Niners making their mark in Pro Bowl

For a team that lost as many games as it won this past season, the 49ers will be showcased rather well in the first Pro Bowl to be played on the mainland since 1979. Even with starting linebacker Patrick Willis a late scratch from the game, the NFC squad will feature four 49ers in Sunday's game at Sun Life Stadium in Miami – the team's largest representation since 2002.

Willis was a late injury scratch and won't start for the NFC for the first time since he came into the NFL as San Francisco's first-round draft pick in 2007. Willis had earned his third consecutive starting bid with another spectacular season in 2009, when he led the NFL in tackles for the second time with 173 and was one of four defenders in the league this past season to record at least four sacks and three interceptions.

The 49ers still will have two players in the NFC's starting lineup – tight end Vernon Davis and punter Andy Lee. San Francisco's total of five Pro Bowlers is the best for any NFC team this year that didn't have a winning record.

Running back Frank Gore and defensive end Justin Smith, who were originally named as Pro Bowl alternates back in December, were added to the NFC squad during January and also will be matching their talent with the NFL's best in Sunday's game, the first time in 30 years the Pro Bowl won't be played at Aloha Stadium in Hawaii, and also the first time in history the game will be played before the Super Bowl.

Davis will be starting in his first Pro Bowl visit after producing the finest season ever by a San Francisco tight end in 2009. The fourth-year pro led the 49ers this past season with 78 receptions, 965 receiving yards and 13 receiving touchdowns, setting a team record for receiving yards by a tight end and a NFL record for touchdown catches by a tight end.

Davis is the first 49ers tight end named to the Pro Bowl since Brent Jones played in the 1996 Pro Bowl and the first tight end to start for San Francisco since Jones in the 1994 game.

Gore, the NFC's starting running back in the 2007 Pro Bowl, will share time in the backfield with Minnesota's Adrian Peterson and Carolina's DeAngelo Williams after becoming the first running back in San Francisco history to rush for 1,000 yards or more in four consecutive seasons.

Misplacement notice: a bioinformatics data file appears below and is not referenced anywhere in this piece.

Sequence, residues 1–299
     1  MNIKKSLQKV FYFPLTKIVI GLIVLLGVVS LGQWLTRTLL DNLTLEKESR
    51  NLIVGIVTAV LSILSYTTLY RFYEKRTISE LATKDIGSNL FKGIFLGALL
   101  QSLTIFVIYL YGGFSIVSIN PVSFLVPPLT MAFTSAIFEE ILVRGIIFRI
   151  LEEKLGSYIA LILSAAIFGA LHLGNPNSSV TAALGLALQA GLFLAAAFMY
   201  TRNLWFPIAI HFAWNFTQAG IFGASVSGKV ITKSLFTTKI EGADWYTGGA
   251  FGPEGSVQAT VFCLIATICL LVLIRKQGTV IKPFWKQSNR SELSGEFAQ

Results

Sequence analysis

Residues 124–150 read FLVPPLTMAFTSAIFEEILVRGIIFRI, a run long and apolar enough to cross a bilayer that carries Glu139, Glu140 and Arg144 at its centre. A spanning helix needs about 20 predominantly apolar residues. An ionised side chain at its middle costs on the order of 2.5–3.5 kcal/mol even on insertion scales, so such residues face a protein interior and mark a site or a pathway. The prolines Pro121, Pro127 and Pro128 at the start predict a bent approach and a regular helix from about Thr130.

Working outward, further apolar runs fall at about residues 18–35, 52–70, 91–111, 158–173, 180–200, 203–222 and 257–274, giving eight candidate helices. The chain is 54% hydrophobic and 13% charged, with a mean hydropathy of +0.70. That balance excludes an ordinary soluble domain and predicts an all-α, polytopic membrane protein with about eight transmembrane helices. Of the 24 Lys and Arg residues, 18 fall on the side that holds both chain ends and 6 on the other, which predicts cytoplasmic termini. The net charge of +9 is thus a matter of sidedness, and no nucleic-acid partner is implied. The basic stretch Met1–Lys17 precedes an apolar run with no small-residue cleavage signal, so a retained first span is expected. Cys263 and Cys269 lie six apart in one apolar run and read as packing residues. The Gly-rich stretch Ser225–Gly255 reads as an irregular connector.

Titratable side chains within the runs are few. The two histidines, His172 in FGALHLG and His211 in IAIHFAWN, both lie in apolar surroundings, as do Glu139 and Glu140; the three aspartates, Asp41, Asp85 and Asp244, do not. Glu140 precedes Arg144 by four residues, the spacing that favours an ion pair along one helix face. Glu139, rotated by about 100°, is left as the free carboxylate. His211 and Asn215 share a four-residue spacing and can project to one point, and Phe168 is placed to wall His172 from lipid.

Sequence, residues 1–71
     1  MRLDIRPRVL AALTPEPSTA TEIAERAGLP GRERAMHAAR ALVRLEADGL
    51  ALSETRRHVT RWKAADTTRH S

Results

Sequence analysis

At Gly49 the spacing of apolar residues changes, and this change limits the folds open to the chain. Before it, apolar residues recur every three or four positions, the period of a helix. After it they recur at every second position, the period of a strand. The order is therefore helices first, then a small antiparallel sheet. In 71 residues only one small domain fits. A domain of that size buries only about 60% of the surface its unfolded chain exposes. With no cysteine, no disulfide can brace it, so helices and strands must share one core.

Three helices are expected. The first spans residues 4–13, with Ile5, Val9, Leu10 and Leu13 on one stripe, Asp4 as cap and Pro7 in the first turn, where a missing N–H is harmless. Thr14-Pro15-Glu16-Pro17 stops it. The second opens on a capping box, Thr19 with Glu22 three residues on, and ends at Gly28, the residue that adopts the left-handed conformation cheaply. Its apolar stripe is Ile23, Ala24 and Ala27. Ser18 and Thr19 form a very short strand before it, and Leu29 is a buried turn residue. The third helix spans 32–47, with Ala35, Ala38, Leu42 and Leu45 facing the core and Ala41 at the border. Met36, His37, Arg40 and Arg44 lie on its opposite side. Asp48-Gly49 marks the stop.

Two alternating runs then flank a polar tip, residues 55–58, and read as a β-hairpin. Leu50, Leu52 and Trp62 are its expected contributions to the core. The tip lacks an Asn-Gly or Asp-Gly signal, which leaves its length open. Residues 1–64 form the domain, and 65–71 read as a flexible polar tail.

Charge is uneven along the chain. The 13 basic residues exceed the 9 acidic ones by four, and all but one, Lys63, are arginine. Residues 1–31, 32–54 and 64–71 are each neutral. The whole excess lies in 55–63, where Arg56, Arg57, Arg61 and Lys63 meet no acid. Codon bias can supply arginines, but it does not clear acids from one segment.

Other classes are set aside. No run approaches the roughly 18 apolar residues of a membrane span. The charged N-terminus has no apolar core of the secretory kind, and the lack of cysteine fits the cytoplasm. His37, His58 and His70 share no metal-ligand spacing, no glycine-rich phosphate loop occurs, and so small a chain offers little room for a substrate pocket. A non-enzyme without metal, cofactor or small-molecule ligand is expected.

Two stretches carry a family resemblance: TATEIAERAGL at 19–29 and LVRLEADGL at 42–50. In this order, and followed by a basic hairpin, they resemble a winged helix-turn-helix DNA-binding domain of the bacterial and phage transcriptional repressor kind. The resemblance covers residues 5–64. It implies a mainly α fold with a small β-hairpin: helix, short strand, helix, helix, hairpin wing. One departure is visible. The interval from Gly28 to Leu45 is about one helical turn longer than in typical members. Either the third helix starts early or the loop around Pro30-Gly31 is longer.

Gore led the 49ers and placed fifth in the NFC with 1,120 yards and 10 touchdowns rushing. He also had 52 receptions for 406 yards and set new career highs in rushing touchdowns and total touchdowns (13).

Lee will be punting for the NFC for the second time in three years after producing another standout season that saw him lead the conference with a 47.6-yard average.

Lee thus becomes the only punter in San Francisco history to go to the Pro Bowl more than once. Tom Wittum was the NFC's punter in the 1975 game.

Smith, a nine-year NFL veteran, will be making his first trip to the Pro Bowl. His second season with the 49ers in 2009 was a lot like his first as he excelled along San Francisco's defensive front while ranking second on the team with six sacks and leading all 49ers defensive linemen in tackles (90), quarterback pressures (78) and quarterback hits (52).

"This is a great opportunity for me to represent my team in Miami … it's been a long time coming," Smith said. "To be able to go there and play with four of my teammates makes it even better."

Smith, who also had two forced fumbles and two fumble recoveries this past season, will head into the 2010 season with a streak of 139 consecutive starts, which is by far the longest streak of any current NFL defensive lineman.



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